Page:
“I think one of the coolest things is, when we publish, we’re going to have five people with the disease as authors on the paper. And it’s going to be a groundbreaking paper in terms of EDS research.”

Cortney Gensemer, lead researcher

They’re well aware of how eagerly the hEDS community is awaiting their findings: Lead researcher Cortney Gensemer and the four undergraduate summer interns are all EDS patients themselves.

“I think one of the coolest things is, when we publish, we’re going to have five people with the disease as authors on the paper. And it’s going to be a groundbreaking paper in terms of EDS research,” said Gensemer, a fourth-year doctoral student.

As much as the discovery is a huge breakthrough, it is still only the beginning of more research, the team explained. Even so, people with EDS want that validation that there is a physical cause behind their constellation of symptoms, which patients often deal with individually for years before someone finally realizes the seemingly unrelated ailments all point to EDS.

“Everyone who has EDS is so hyper-focused on this gene because it’s tangible evidence of what we have. Because in many cases this can be an ‘invisible’ illness, and you have a lot of doctors saying, ‘It’s in your head, theoretically you shouldn’t be in a lot of pain.’ So at least for me, I’m looking forward to having that proof,” said Sofia Luzbetak, a summer intern from the University of California San Diego.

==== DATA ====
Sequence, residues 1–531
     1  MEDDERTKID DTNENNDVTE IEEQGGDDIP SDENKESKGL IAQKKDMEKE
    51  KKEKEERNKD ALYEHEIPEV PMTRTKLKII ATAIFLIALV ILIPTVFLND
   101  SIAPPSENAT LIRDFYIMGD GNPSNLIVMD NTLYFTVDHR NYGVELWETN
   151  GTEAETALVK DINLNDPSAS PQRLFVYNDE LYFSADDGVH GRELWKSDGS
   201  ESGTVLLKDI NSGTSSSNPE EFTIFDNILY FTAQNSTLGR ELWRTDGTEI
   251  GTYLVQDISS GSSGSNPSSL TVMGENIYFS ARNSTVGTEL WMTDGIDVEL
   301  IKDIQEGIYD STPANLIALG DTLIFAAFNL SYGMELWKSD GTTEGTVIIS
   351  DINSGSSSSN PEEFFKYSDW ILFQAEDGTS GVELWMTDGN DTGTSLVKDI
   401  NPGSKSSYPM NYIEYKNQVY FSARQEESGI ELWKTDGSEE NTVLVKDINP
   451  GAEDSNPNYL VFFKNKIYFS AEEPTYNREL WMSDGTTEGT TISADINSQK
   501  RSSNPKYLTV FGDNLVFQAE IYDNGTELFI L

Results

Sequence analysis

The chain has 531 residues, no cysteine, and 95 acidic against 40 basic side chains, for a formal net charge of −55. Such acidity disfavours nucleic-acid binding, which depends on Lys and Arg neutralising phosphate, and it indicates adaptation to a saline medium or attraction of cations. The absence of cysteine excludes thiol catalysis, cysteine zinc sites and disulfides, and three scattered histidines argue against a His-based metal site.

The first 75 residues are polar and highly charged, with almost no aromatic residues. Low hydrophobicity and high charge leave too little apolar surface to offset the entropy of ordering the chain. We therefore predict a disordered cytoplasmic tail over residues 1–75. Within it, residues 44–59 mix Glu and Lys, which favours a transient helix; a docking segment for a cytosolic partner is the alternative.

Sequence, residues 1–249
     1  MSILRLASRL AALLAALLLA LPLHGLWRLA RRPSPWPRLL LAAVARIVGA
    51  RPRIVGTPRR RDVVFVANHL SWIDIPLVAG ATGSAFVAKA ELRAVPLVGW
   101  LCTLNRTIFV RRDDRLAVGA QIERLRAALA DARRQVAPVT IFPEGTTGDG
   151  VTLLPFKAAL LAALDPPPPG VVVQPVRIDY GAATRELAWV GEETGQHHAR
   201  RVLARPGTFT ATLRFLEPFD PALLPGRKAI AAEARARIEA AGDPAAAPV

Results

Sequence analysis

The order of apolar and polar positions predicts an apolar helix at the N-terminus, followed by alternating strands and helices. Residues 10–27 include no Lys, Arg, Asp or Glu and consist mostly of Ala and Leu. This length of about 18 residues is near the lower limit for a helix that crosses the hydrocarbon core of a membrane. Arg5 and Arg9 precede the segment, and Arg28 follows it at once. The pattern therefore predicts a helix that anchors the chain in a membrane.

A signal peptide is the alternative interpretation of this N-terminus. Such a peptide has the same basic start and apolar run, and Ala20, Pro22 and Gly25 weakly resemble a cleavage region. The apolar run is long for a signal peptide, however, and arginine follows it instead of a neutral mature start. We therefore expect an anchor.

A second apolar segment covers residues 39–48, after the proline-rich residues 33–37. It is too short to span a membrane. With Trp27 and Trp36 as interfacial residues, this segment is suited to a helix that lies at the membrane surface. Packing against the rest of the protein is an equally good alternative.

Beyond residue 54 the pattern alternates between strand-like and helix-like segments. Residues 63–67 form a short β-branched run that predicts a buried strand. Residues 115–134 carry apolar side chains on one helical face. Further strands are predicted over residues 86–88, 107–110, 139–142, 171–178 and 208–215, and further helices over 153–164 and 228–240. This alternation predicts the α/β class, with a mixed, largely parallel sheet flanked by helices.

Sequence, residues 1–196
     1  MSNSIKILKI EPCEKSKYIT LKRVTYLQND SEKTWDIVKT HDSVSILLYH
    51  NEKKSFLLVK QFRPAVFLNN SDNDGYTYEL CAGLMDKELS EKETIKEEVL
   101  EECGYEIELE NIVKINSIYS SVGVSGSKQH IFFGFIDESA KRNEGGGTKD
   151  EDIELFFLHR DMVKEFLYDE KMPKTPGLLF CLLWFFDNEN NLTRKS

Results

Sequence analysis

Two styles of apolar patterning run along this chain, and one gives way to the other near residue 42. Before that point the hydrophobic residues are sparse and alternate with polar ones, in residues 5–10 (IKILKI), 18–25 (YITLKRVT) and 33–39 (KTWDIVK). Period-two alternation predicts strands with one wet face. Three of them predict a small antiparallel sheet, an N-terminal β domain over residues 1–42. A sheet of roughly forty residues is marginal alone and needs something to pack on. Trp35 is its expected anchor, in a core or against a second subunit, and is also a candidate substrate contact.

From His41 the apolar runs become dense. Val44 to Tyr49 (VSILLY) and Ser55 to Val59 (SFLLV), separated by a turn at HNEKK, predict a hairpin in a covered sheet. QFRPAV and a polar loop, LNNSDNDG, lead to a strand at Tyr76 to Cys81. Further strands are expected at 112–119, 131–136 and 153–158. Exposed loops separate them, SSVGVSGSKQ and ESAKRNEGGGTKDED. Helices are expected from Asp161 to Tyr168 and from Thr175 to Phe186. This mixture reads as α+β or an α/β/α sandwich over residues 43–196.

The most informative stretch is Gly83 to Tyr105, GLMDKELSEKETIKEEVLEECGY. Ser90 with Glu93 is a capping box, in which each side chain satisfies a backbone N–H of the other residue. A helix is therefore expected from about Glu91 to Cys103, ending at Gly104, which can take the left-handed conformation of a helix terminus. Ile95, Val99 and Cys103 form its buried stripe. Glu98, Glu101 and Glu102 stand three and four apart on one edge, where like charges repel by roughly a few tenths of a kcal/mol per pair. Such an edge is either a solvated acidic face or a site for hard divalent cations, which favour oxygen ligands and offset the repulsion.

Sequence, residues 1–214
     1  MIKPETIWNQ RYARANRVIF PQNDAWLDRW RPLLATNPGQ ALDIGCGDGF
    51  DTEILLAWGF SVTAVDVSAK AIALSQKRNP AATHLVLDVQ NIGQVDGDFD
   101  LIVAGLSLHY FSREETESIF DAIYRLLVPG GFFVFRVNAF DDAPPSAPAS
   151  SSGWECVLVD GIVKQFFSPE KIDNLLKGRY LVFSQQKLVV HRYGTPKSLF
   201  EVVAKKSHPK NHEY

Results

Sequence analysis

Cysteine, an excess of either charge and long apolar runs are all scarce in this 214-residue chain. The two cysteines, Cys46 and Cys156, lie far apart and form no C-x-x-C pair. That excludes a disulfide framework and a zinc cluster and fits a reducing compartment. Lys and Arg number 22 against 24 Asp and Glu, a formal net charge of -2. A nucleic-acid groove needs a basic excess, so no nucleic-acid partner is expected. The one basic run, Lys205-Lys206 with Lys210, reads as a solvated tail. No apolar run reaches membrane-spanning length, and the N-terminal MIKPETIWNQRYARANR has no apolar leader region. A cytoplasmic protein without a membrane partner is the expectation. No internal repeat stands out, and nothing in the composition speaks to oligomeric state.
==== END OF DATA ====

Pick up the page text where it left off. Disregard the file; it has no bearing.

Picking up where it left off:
Schrier agreed. Because EDS generally isn’t life-threatening – at least not with the same immediacy as cancer or other diseases – it doesn’t get as much attention, she said.

Camille Schrier listens as she wears a specially made Norris Lab lab coat that has her name and Miss America 2020 embroidered on it